Because section 2119 is limited to cars that have traveled in interstate or foreign commerce, the Supreme Court's decisions in Bass and Scarborough compel the Conclusion that the jurisdictional element in section 2119 provides a nexus sufficient to protect the statute from constitutional infirmity. In Bass, the Court interpreted former 18 U.S.C. § 1202(a) (now 18 U.S.C. § 922(g)(1)), which had criminalized a felon's "receipt, possession, or transportation in commerce or affecting commerce . . . [of] any firearm." Bass, 404 U.S. at 337. Bass, a convicted felon, was convicted of possessing firearms, but the government had not alleged or proven that the firearms had been possessed in commerce or affecting commerce. Before the Supreme Court, the government contended that it need not do so, since the phrase "in commerce or affecting commerce" modified only "transportation," and not "receipt" or "possession." The Court found the statute to be ambiguous, and therefore applied two rules of construction. First, the Court determined that, following the rule of lenity, it should construe section 1202(a) to require the government to prove that the "receipt" or "possession" of a firearm were "in commerce or affecting commerce," just as it had to prove that a "transportation" of firearms met that qualification. Id. at 347-48. Second, it applied the rule that "unless Congress conveys its purpose clearly, it will not be deemed to have significantly changed the federal-state balance." Id. at 349. This principle, as well, counseled that the Court require the government to prove that Bass's possession of the firearms was in or affecting commerce. The government would meet this burden, the Court explained, if it "demonstrates that the firearm received has previously traveled in interstate commerce." Id. at 350. The Court recognized that this was "not the narrowest possible reading of the statute," but it found that, "given the evils that prompted the statute and the basic legislative purpose of restricting the firearm-related activity of convicted felons, the readings we give to the commerce requirement, although not all narrow, are appropriate." Id. at 351. Since the government had not sought to prove any interstate nexus, Bass's conviction could not stand.
In Scarborough, the Supreme Court revisited former section 1202(a), this time to describe the nature of the proof required of the government in order to establish that a possession had been "in commerce or affecting commerce." Scarborough had been convicted of possessing firearms as a convicted felon, notwithstanding his argument that "proof that the firearms had at some time traveled in interstate commerce did not provide an adequate nexus between the possession and commerce." Scarborough, 431 U.S. at 566. The Court framed the question presented as "whether proof that the possessed firearm previously traveled in interstate commerce is sufficient to satisfy the statutorily required nexus between the possession of a firearm by a convicted felon and commerce." Id. at 564. To the Court, this question was one of simple statutory construction. The Court reiterated that "Congress is aware of the 'distinction between legislation limited to activities "in commerce" and an assertion of its full Commerce Clause power so as to cover all activity substantially affecting interstate commerce.'" Id. at 571 (emphasis added), quoting United States v. American Bldg. Maintenance Industries, 422 U.S. 271, 280 (1975). The Court noted that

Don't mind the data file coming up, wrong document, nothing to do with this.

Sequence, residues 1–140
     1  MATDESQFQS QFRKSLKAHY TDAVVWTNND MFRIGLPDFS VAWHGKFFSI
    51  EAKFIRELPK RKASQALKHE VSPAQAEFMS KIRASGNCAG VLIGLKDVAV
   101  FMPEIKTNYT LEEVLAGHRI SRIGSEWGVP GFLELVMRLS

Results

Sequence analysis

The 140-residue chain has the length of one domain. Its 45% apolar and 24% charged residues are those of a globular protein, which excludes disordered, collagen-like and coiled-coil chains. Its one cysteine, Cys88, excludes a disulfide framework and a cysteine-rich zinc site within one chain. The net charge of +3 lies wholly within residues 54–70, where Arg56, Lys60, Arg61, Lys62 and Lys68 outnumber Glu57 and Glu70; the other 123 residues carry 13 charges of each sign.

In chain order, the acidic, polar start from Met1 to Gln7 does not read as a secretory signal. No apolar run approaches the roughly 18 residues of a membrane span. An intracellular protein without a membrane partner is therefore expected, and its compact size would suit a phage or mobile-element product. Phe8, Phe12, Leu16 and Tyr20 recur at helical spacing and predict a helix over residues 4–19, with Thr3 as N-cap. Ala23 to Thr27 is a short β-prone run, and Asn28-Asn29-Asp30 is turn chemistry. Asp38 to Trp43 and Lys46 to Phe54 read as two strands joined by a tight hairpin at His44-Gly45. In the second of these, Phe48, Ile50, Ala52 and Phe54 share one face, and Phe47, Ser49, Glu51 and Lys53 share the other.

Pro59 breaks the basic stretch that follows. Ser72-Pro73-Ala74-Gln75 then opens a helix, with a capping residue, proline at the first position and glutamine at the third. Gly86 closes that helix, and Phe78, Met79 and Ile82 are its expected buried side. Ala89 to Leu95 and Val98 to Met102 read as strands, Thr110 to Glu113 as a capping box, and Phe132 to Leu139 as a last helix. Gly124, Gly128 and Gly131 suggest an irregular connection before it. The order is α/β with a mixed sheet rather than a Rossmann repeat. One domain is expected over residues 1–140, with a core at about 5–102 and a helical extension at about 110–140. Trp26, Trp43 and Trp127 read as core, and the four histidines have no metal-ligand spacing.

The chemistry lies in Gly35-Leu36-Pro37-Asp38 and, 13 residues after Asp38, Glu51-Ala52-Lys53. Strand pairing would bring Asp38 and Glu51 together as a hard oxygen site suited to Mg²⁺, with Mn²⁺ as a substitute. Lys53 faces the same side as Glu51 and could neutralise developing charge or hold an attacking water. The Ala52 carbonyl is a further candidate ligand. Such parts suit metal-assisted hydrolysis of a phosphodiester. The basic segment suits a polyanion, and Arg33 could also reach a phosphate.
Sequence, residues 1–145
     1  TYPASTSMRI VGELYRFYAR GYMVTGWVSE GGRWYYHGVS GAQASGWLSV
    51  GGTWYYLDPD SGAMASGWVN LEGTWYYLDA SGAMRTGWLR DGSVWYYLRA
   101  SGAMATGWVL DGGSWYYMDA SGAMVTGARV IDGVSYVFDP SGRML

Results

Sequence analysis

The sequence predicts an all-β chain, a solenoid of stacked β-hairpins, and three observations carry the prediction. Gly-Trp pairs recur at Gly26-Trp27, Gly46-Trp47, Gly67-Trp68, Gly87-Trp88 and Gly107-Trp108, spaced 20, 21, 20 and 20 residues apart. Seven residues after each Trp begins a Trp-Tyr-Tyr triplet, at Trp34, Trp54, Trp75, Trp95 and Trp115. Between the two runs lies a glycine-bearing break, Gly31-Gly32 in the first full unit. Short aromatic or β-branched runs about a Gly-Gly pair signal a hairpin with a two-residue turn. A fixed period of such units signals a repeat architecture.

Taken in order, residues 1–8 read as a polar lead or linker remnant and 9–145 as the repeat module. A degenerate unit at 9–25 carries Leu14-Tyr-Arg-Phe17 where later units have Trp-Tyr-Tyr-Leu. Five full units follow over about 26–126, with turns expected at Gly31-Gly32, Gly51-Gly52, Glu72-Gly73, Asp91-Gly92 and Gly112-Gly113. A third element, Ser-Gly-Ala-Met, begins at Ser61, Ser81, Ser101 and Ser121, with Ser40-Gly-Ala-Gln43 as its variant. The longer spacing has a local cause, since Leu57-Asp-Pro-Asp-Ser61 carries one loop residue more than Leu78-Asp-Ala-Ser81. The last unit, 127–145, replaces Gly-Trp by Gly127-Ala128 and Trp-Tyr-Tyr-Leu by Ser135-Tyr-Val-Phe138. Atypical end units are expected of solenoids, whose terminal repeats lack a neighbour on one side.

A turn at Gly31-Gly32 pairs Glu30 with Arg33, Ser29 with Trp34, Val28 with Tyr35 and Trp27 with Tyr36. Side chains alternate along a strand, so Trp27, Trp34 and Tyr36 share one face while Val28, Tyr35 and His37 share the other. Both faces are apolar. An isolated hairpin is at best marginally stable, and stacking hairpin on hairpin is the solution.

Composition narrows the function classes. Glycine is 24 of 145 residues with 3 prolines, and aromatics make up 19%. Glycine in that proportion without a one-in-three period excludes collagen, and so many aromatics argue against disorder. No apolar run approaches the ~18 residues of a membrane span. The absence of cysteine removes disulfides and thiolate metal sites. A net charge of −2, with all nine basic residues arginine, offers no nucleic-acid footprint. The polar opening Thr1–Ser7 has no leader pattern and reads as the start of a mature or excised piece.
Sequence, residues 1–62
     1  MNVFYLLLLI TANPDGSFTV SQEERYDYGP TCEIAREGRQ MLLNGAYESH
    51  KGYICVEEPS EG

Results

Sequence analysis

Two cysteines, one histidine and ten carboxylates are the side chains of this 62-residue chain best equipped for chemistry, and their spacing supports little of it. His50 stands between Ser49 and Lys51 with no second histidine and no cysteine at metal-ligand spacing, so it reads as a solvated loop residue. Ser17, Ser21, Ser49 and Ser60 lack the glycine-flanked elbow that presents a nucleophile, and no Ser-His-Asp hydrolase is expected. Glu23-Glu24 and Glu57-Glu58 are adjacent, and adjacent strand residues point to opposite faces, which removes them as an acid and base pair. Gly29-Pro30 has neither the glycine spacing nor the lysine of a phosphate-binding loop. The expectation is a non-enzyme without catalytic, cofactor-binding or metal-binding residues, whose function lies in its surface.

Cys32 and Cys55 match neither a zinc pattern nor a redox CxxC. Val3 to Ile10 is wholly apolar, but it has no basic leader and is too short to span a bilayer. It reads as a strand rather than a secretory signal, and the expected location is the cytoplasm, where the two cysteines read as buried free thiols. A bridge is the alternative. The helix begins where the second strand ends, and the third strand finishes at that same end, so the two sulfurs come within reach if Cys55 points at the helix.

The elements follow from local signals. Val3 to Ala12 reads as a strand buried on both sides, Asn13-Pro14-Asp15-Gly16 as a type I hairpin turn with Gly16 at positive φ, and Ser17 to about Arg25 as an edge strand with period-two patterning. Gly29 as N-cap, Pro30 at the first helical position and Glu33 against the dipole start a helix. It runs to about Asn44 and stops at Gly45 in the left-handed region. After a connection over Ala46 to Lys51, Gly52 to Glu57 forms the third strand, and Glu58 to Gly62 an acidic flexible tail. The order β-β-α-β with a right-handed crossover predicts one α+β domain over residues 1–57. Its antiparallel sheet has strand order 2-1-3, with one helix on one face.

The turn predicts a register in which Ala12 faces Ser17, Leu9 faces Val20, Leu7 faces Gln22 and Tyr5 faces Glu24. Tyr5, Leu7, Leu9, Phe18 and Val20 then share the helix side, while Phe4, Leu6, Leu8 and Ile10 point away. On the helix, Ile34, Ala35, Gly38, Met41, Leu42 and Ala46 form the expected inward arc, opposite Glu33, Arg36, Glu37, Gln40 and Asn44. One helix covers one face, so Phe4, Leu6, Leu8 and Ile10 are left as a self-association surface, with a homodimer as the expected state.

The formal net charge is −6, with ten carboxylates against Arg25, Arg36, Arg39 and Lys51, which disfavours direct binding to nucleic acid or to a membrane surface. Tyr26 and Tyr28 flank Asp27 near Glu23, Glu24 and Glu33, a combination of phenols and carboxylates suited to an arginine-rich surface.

the purpose of [former section 1202(a)] was to proscribe mere possession but that there was some concern about the constitutionality of such a statute. It was that observed ambivalence that made us unwilling in Bass to find the clear intent necessary to conclude that Congress meant to dispense with a nexus requirement entirely. However, we see no indication that Congress intended to require any more than the minimal nexus that the firearm have been, at some time, in interstate commerce.